Kiwi retailers call it a day

Paul Farrow (Paul’s Camera Shop, Christchurch) and Simon and Shelley Burge (Nelson City Cameras, Nelson) with a combined 70-plus years in the photo industry, are both closing their doors this month.

NelsonFor Simon and Shelley, the immediate reason for the decision to call it a day is uncertainty about the store’s future, owing to more stringent post-earthquake building standards.

The store is on Nelson City Council’s earthquake-prone list and has until December 2019 to reach the new building standard. With uncertainty as to whether the building will be demolished or strengthened, the Burges decided it was time to wind things up.

But of course, the changing nature of photo retailing has also been a factor in the decisions. In an interview with the Nelson Mail, Simon Burge noted that photo printing volumes had fallen with the uptake of phones and tablets.

He said there was still a market for high-end cameras, but camera stores were becoming more of a niche business.

‘If you’re not making a reasonable profit then there is no point in continuing a business,’ he told the Mail. ‘We are not at that yet, but you must be careful that it doesn’t become that,’ he said.

PaulsCamPaul Farrow is also ‘quitting while he is ahead’.

The store, which has been operating since 1962, and in 1979 became Pauls Camera Shop under his ownership, will close on March 20.

He has been in photo retailing for 36 years, including five years in Australia with Milversons in Sydney and Wollongong, and describes his time in the business as ‘an amazing ride’.

‘If you compare what we had in the store in 1979 to what we are stocking today…And now I’m marketing through the whole of New Zealand, not just locally – but even that strategy isn’t working any more.’

Paul hasn’t attempted to sell the store as a going concern because, ‘no-one would buy it’. He said another NZ camera store he knew of had been on the market for four years with no interest shown.

It’s a sunset industry, he said, and he wasn’t prepared to inject the capital required to maintain the business.

He said that parallel importing, the impact of smartphones and the resulting reduction in the  level of printing, and the ‘dramatic dip in the DSLR market’ contributed to the current difficult trading conditions.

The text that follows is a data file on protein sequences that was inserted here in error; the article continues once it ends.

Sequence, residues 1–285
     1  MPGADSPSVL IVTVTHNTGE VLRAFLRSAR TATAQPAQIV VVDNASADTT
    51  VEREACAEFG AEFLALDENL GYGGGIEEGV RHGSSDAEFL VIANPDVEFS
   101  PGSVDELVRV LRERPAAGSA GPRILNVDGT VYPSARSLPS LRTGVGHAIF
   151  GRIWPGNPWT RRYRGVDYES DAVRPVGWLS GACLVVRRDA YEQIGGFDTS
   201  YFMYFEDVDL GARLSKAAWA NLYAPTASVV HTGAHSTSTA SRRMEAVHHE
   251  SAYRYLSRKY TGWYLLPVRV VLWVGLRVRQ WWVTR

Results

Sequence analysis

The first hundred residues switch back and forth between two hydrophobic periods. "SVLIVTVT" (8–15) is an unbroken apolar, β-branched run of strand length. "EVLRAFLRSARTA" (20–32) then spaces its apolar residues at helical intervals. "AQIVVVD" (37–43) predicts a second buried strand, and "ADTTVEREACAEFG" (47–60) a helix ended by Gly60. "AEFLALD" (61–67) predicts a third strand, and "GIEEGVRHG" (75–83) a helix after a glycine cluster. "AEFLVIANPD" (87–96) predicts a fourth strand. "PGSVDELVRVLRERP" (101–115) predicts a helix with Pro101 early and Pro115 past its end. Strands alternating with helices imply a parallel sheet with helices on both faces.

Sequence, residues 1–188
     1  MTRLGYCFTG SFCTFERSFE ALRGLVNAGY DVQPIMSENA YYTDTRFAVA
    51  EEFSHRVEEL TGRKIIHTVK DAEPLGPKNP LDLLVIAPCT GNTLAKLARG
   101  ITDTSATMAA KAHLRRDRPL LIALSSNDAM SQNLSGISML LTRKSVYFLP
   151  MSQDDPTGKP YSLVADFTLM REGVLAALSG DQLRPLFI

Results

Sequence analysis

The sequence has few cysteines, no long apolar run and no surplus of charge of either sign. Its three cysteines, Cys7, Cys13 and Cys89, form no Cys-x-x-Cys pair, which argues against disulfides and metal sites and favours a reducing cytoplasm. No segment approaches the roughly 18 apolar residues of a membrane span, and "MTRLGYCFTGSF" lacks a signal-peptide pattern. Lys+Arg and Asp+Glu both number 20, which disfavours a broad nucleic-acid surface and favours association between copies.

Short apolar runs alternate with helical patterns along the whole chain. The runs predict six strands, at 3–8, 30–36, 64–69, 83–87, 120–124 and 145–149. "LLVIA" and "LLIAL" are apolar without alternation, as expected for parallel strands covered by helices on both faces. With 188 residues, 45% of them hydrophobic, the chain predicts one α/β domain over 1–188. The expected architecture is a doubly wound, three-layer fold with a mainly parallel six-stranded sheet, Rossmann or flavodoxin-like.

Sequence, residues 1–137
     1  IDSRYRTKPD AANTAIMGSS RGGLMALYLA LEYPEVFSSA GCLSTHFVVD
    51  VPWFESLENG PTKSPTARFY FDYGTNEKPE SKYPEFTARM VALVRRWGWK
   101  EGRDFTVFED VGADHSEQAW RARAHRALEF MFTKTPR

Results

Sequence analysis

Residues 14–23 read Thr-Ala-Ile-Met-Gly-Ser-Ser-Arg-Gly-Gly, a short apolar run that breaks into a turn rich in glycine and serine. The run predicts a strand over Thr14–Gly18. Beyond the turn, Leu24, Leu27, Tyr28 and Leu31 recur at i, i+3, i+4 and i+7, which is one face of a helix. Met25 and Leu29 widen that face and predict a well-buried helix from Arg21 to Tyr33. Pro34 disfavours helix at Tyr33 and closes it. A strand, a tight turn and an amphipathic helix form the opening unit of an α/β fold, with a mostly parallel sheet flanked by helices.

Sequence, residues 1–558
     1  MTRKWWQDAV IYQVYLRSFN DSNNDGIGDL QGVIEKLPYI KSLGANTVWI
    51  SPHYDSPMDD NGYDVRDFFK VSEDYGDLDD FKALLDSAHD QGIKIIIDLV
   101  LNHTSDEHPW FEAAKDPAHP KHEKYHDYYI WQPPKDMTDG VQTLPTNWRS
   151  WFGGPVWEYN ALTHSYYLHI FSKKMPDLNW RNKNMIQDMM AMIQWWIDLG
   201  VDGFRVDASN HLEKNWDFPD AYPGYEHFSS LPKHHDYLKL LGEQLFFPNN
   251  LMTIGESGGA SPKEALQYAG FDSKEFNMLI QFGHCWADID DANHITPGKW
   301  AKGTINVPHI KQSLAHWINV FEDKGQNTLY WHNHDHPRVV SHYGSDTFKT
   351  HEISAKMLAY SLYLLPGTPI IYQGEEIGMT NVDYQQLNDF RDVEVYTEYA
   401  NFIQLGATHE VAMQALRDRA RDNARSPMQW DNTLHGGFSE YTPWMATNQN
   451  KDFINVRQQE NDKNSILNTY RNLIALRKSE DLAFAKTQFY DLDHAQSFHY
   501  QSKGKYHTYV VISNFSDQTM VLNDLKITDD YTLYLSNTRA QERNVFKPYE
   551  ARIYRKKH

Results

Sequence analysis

By all accounts, Paul Farrow is a good, hard-working retailer, with a loyal customer following. He has an active website and Facebook page –  which attracted numerous complimentary and sympathetic comments from customers, suppliers and customers on his announcement of the decision to shut up shop.

It’s a sign of the changing times, however, that the Google ad which popped up at the top of the Paul’s Cameras Facebook page when PhotoCounter accessed it was ‘Buy Direct From Sony!’ – advertising a high-end accessory lens along with the price, and linking to the Sony online store.

– But it wasn’t Sony which Paul Farrow saw as, along with parallel imports, smartphones, etc, as part of the cause of the demise of the specialist photo retailer, but Canon.

‘The other big thing is Canon in NZ have [loaded] DSLRs into the CE stores. Canon, by attempting to keep its sales up, has undermined the market.’

He said the low prices for Canon’s entry level cameras has had a market-distorting impact across all brands of cameras.

Although Canon is the clear market leader in NZ as well as Australia, he saw the business as in a difficult situation.

‘Canon has missed boat in mirrorless, and now in survival mode has had to drop all its plasticky DSLRs like the 1200D into CE.’

He added that Paul’s had been scoring runs with mirrorless cameras. ‘We’ve had a huge success with Olympus and they’ve given us full support. Really appreciated.’

But Canon DSLRs at NZ$499 in the CE stores didn’t give specialists a look-in, he said. ‘We haven’t been able to get access to those those deals. Perhaps they are selling below cost. We’ll never know.

‘I’ve been a major supporter of the brand and had huge success in the past, but no longer.’

 

 


3 thoughts on “Kiwi retailers call it a day

  1. Good luck Paul, hope your tyres stay inflated and the fish are rising. A number of people have made their living in this industry after starting at Pauls, me included, and I hope they all appreciate the start they got with you. Cheers, Greg B.

  2. Well done and well said
    Enjoy your retirement.
    You Wont miss the double standards of suppliers and all the other day to day hassels.

  3. Dear Paul,
    Having initially retired in February 2008 I found joining the invisible set just too hard.
    Yes I had a long stay in hospital and then when I returned to daily living found it extremely difficult to adjust.
    I have always had several enterprises going so I became more involved with them.
    After heart attack etc I was forced to change pace but keep your fingers in something that is productive as it is that which will keep,you alive. Too many friends have retired and expired within a couple of years.
    Make time with your old girlfriend and enjoy some quality child free time whilst you are able. Forget overseas jaunts as the pressure of guided tours is too hectic. My wife and I do short trips away two to four days then back home it is great as no need to rush to see this one or oo
    that one just your selves.
    Go well and live a long life. At our age various illness takes a huge tole
    Cheers Ron Frank
    Perth W,A.

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